Re: life time of key in authentication

Please disregard my last post.

I think i understand what Peter is trying to say

As there is no time configured for R1 to authenticate received ospf packets, that means key 1 lasts for ever as there is no lietime specified to authenticate recieved packets. Similarly, R1 is not configured for any lifetime for R1's ospf sending packets. So R1 sends ospf packet with md5 authentication, R2 receives the ospf packets and authenticates them . The end result there is only way communication(only ospf packets) from R2 to R1 but not vice versa.

Thanks

Cisco Employee

Re: life time of key in authentication

Hello,

I think you meant to say EIGRP instead of OSPF, right?

You got it now. As soon as the authentication for EIGRP is activated on an interface, the router does the following:

1.) When sending EIGRP packets, it tries to find a key to authenticate the packet being sent out. If there is no valid key available, the packet will be sent out unauthenticated.

2.) When receiving EIGRP packets, first drop all packets that are not authenticated at all. The remaining packets that have the authentication field present will be tested against the valid key if the authentication succeeds. If yes, these packets are processed, otherwise, they are dropped.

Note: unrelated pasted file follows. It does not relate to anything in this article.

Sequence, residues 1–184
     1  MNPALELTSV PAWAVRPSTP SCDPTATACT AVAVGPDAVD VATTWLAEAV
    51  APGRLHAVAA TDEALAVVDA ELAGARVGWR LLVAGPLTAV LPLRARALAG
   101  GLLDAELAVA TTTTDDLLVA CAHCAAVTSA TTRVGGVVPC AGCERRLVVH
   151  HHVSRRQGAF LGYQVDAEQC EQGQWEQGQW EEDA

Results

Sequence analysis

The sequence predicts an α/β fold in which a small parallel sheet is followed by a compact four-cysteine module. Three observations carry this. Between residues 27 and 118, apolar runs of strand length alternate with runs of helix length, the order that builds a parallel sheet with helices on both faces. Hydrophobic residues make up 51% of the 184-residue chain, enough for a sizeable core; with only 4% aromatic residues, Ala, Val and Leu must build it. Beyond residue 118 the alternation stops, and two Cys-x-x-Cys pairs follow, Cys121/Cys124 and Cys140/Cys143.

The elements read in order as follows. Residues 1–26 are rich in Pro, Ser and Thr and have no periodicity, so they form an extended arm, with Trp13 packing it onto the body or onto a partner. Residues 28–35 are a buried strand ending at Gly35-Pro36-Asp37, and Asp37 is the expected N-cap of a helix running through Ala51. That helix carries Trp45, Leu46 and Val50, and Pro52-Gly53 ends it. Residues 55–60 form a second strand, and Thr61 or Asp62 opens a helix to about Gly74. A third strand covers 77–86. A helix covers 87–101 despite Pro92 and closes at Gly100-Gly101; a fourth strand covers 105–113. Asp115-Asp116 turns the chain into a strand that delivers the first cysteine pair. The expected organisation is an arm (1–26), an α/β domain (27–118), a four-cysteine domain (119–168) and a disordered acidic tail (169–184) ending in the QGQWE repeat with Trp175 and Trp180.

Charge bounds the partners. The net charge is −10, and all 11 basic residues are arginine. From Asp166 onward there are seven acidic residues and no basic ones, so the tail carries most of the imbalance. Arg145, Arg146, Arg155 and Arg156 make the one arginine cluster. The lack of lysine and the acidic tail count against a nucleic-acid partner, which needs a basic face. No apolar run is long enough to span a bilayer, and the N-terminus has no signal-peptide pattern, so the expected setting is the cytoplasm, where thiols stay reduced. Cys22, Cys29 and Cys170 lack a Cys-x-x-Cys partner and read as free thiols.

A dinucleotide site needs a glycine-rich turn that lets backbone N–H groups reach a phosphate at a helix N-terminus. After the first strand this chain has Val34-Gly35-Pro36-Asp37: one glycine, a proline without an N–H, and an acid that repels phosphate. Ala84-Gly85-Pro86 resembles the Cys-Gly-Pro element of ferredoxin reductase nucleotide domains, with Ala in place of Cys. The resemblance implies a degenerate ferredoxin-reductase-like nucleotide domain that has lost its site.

If a key chain does not contain any time limitation for sending or accepting a key, respectively, then that function of the key is not time limited. You have correctly pointed out that on R1, the key is always valid for testing received packets while on R2, the key is always valid for signing packets being sent out.

The situation may appear as there is a one-way communication between the routers. In reality, however, there is no workable communication between the two. Because of the key validity mismatch between the two routers, the EIGRP adjacency will not be stable (any Update packet sent from R1 to R2 will be dropped by R2 and remain unacknowledged, upon which the R1 will cancel the adjacency with R2).

Best regards,

Peter

Bronze

Re: life time of key in authentication

Thanks a lot Peter. Yes indeed , i meant eigrp not ospf .